In Harry Potter Voldemort’s name was not to be spoken, no one wanted to acknowledge him. So, while everyone carried on pretending he didn’t exist, he gained strength and power in the shadows. Maybe, by keeping this word in the dark, we grant the perpetrators shadows to hide in and give power to the victim’s shame and fear. We cannot fight something we refuse to acknowledge.

If you have never experienced rape, assault or abuse and still have trouble saying the word rape imagine the weight of the word for those of us who have—it feels dirty, heavy, ugly, shameful… which is why most victims don’t speak up and blame themselves.

Dr. Brene Brown is a leading researcher-storyteller in shame and vulnerability, in her book Daring Greatly, Brown discusses James Pennebaker’s research where their findings suggest,

“Not discussing a traumatic or shaming event, or confiding it to another person can be more damaging than the actual event. Conversely, when people shared their stories and experiences, their physical health improved, their doctor’s visits decreased and they showed significant decreases in their stress hormones.”

I know this statement to be true, I lived it.

While the rape itself was awful, I can tell you now, the shame and self-blame I have carried around all of these years has been far more painful and damaging. It has lead me to question my self-worth, sent me into bouts of depression riddled with panic attacks and fuelled my issues with alcohol, sex and intimacy. Since sharing my story, I have received messages of love, support and understanding and I can finally say I have begun a healing process.

In theory, I know what consent looks and sounds like, I have a law degree for f*ck sake. But… I never spoke out about a lot of incidents, it wasn’t a conversation that was normal, it wasn’t the status quo. I held everything in, so by the time I was raped, not speaking about it was normal—as was self-blame and shame.

I have been having sex since I was 17, yet only now, married and into my 30s have I even thought about what sex means to me, what a healthy and positive sexual relationship is, what I am and am not comfortable with. I have never had these discussions out loud.

These kinds of conversations are 15 years too late for me and decades late for a lot of people, we cannot change this, but we can take a proactive stance here and now to encourage our children, friends and families to start talking about all aspects of sex and consent.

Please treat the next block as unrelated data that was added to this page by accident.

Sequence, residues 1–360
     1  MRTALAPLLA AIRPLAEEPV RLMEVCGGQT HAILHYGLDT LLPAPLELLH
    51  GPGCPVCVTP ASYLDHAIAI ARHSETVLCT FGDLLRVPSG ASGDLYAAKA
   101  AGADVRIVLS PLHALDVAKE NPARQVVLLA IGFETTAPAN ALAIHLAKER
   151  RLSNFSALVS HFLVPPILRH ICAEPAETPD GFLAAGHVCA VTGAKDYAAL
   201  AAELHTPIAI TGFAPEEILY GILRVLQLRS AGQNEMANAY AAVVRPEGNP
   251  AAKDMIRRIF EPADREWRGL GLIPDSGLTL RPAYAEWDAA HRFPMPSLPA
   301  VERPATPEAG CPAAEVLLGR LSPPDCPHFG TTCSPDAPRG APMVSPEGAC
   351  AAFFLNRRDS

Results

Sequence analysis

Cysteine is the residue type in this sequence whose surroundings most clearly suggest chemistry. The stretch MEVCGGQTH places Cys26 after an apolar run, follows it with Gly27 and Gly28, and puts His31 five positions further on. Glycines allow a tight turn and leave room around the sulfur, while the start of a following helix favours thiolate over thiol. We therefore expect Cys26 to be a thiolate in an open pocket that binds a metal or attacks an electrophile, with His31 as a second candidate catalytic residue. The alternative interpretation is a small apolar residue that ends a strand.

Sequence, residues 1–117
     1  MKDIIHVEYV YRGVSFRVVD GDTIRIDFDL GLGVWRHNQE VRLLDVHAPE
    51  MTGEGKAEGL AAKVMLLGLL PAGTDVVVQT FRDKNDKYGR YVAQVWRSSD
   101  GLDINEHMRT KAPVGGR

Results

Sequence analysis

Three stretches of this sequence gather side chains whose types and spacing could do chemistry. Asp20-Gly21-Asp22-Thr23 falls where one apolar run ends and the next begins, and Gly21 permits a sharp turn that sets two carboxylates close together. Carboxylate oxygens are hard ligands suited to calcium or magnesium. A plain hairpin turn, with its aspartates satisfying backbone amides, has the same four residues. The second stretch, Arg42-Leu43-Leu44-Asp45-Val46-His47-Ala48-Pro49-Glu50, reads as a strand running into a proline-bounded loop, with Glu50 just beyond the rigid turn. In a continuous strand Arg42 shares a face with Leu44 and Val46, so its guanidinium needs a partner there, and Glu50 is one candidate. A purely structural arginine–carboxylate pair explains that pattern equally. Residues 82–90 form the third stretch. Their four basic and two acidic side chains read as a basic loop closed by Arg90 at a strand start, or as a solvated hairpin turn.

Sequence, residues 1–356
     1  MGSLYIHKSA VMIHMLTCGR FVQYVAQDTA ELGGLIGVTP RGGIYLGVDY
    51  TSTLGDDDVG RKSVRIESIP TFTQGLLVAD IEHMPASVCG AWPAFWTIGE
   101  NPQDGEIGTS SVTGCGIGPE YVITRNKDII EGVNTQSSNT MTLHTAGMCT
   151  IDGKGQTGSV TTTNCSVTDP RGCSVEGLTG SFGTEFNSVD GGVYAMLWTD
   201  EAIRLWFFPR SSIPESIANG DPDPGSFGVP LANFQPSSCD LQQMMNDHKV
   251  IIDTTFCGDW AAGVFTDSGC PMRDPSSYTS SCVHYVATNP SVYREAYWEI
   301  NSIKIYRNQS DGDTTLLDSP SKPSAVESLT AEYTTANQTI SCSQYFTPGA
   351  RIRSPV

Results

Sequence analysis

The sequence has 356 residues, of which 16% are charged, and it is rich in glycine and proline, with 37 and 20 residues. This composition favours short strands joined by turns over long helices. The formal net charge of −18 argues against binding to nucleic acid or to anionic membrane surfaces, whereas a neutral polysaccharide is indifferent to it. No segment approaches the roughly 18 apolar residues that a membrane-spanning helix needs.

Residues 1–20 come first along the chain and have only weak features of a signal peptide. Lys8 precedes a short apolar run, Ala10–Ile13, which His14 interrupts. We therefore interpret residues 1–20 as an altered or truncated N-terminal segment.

So, where to go from here?

We have a long way to go and education will play a major role in creating lasting positive change in our society, but hearing these words from my father and friend, I now see there is something we can all be doing:

We need to carry on this conversation.

It seems uncomfortable and confronting—going against the norm always is; but without a doubt, it is one of the most empowering conversations we can have. Sex is something (almost) all of us do, so why is it the most uncomfortable topic, why is there still so much taboo around sex, let alone rape? (Historically speaking the church has a large role to play in “sex and shame,” but that is a whole other topic).

For now, there is something we can all be doing.

Speak up.

Speak up when you see or hear something you don’t like.

Speak up when you experience something that isn’t okay.

Let’s turn this taboo subject on its head and bring it to the dinner table. Not just rape or sexual assault, but what about starting conversations of what a healthy sexual relationship is, of what consent looks and feels like—so children grow up knowing how to create safe and appropriate boundaries.

The more we normalize these conversations, the more empowered the next generation will be; there will be less “blurred lines” around consent, less chance for the victims to blame themselves and less shadows for the perpetrators to hide in.

We have a long way to go, but together we can make a difference. The conversation has been ignited, it is up to all of us to keep it going.

Speak up.

Author note: thank you to all of the women who have come forward, who have sparked this conversation, your bravery will help others realize they are not alone. It helped me.


Author: Tash Pericic

Image: Ket Quang / Free Images

Editor: Sara Kärpänen